Rhode Island Leads The Way With New Approach To Treatment For Inmates

By Beth Leipholtz 03/16/18

Rhode Island is the first state to offer three different forms of medication-assisted treatment to inmates with opioid addiction.

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rear view of prison officer leading prisoner in handcuffs in corridor

For the first time in 16 years, Casey isn’t struggling with a substance use disorder (SUD)—and he says he owes his success to the treatment he received in prison. 

According to Vox, Casey is one of the individuals who has benefited from Rhode Island’s new approach to SUD treatment for inmates in prisons and jails. 

The state is now taking a medication-assisted treatment (MAT) approach and provides three medications for those struggling with opioid use. The medications—buprenorphine, methadone and naltrexone—have been proven by research to decrease the mortality rate among patients struggling with opioids by 50% and sometimes more.

Additionally, they have been proven more effective when it comes to keeping people in treatment. 

When it comes to this approach, Rhode Island is the exception rather than the rule. According to Vox, Rhode Island is the only state that credibly reported “providing full access to all three kinds of medication.”

Most states either do not provide any medication, or allow only naltrexone, which Vox claims is backed by the least evidence when it comes to effectiveness. 

Because very few states provide good access to treatment options, inmates are often at risk upon their release from prison. 

In fact, according to a 2007 study in the New England Journal of Medicine, in the two weeks following release, a former inmate has "a risk of a fatal drug overdose [that] is 129 times as high as it is for the general population." Additional studies have similar findings.

“Globally, there is no more high-risk period and no more high-risk population than those leaving incarceration,” Traci Green, a researcher at Brown University, told Vox. “It’s during those first two weeks and out to four to six weeks that people are at greatest risk of overdose death.”

While still in the early stages, Rhode Island's approach to treatment in prison seems to be effective, according to a study stating that it has cut in half overdose deaths among released inmates.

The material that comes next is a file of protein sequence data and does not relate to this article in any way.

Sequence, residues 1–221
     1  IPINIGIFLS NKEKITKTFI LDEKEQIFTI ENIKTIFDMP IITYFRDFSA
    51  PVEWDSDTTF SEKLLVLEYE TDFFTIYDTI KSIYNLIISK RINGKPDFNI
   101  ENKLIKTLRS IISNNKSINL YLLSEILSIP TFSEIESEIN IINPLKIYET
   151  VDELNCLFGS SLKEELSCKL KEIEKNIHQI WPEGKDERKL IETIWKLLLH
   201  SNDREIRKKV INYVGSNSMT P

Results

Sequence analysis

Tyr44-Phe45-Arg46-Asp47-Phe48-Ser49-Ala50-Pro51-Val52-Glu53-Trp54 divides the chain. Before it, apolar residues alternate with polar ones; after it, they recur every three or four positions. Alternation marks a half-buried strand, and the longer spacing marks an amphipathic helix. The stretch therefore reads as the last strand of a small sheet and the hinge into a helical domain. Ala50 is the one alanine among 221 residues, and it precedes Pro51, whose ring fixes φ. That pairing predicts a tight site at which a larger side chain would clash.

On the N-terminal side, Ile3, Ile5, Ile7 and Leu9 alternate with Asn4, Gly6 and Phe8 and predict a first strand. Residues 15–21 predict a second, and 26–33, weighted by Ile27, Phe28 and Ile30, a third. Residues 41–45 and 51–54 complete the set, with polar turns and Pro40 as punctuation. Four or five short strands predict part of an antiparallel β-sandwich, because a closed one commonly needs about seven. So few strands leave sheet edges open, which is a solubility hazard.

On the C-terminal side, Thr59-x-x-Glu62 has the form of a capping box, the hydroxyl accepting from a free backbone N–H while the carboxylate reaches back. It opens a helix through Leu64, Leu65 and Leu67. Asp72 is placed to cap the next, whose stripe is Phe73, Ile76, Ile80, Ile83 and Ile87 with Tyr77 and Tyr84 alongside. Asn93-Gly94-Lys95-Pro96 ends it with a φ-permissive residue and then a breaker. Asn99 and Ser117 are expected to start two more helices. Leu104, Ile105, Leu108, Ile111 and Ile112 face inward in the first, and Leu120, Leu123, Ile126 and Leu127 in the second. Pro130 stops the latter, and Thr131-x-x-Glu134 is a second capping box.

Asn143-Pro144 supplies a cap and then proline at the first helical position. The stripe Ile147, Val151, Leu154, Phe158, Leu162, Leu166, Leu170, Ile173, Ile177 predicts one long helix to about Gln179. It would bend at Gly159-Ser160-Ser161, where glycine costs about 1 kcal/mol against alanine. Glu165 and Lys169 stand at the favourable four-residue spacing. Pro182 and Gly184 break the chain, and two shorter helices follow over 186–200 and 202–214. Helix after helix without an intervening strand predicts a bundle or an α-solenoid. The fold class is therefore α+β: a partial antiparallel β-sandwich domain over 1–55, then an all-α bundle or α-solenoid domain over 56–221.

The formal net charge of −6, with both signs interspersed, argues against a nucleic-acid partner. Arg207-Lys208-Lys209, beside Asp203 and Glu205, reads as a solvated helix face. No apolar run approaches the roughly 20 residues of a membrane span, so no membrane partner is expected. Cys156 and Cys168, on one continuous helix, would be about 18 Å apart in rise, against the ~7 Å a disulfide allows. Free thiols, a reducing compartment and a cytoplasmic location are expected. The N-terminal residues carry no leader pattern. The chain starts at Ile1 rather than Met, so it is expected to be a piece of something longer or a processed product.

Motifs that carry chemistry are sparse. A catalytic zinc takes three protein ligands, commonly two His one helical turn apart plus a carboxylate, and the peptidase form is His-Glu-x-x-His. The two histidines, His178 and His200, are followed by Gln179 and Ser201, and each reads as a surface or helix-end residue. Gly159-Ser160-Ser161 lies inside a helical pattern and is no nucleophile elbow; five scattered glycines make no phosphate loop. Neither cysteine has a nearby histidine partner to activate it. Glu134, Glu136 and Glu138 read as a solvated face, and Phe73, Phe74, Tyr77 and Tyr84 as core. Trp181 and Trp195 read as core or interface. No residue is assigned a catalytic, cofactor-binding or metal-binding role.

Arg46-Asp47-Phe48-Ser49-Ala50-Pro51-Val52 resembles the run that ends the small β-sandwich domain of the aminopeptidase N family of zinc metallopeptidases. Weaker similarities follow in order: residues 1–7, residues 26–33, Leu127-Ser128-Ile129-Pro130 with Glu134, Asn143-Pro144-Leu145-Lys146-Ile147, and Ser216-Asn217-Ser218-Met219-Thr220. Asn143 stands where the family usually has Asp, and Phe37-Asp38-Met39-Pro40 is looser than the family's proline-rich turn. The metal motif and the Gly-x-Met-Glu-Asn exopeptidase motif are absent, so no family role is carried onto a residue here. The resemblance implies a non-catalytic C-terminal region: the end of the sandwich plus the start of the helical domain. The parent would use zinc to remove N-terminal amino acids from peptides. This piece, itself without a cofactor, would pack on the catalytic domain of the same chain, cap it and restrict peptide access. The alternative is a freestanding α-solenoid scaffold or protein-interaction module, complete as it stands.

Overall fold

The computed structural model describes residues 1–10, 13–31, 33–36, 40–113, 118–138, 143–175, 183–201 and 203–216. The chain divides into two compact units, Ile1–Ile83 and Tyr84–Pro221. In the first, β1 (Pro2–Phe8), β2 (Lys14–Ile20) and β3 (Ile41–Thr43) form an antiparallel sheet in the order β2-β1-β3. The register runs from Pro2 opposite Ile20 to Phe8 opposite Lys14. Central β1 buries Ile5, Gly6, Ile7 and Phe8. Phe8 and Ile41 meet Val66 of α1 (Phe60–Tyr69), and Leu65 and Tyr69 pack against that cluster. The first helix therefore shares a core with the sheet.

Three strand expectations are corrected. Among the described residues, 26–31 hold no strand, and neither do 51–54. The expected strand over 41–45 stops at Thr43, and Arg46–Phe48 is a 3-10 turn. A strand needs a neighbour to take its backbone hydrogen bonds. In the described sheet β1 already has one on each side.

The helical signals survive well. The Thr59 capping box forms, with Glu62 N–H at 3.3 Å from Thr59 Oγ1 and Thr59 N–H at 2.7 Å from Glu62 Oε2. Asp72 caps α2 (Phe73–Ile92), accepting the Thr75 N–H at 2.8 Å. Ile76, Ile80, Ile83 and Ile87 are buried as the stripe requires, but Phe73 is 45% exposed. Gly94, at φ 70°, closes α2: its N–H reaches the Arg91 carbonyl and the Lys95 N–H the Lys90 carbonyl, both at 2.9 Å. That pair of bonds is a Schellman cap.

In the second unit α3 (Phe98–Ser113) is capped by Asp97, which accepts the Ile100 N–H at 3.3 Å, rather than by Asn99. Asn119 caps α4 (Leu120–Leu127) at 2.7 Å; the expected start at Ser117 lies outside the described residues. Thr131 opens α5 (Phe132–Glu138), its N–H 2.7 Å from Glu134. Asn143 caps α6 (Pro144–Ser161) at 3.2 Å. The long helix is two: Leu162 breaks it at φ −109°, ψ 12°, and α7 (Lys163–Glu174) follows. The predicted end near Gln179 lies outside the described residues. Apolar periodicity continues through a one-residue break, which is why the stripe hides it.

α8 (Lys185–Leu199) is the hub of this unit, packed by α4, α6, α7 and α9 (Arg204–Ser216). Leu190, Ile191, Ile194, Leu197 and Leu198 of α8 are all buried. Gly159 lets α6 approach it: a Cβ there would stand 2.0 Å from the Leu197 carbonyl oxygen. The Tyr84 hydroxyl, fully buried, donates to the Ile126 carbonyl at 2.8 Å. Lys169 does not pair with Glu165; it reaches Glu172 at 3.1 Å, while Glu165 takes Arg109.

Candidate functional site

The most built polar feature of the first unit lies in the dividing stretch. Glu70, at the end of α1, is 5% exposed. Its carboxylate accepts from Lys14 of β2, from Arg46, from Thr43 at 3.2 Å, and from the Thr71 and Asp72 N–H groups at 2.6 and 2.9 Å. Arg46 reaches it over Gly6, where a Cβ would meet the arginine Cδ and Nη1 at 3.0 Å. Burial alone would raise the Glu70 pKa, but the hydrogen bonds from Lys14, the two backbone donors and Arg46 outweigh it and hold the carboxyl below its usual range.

Still, the fact remains that most state prisons do not offer medication-assisted treatment for inmates. In fact, Vox reached out to 50 agencies behind state prison systems and inquired as to whether they offered buprenorphine, methadone or naltrexone. If they said yes, they were asked whether there were restrictions. 

Of the 45 states that responded, Rhode Island was the only one to give full access to the three medications. Hawaii reported that it allows buprenorphine and methadone, while 16 other states offer only naltrexone. The other 27 states do not offer any type of medication to those with opioid use disorders. 

Those states that do not offer medication-assisted treatment could be contributing to overdose deaths in two ways, according to Vox

The first is an increased risk of overdose in prison. But because it is harder to obtain drugs while in prison, the bigger concern is the risk of overdose once an inmate is released. 

“The minute people leave, they’re facing tremendous stressors,” Sarah Wakeman, medical director at the Massachusetts General Hospital Substance Use Disorder Initiative, told Vox. “They cross over this threshold of leaving this very artificial environment, going back to their usual environment, and with the incredible stress and burden of having just experienced incarceration and trying to pick up relationships and dealing with barriers with housing and employment and insurance. Not surprisingly, cravings come back, and people often relapse very quickly.”

One of the reasons Rhode Island has been successful in limiting overdose deaths is because they offer MAT. People respond differently to medications, and what works for one may not work for another.

According to Vox, “Many people may do well on methadone, others may prefer buprenorphine, and yet some may find the best results with naltrexone or even no medications at all.”

“It’s critical to have all three of those components available,” Jody Rich, a researcher in Rhode Island involved with the state’s program, told Vox.

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Beth is a Minnesota girl who got sober at age 20. By day she is a website designer, and in her spare time she enjoys writing about recovery at www.lifetobecontinued.com, doing graphic design and spending time with her boyfriend and three dogs. Find Beth on LinkedInInstagram and Twitter.

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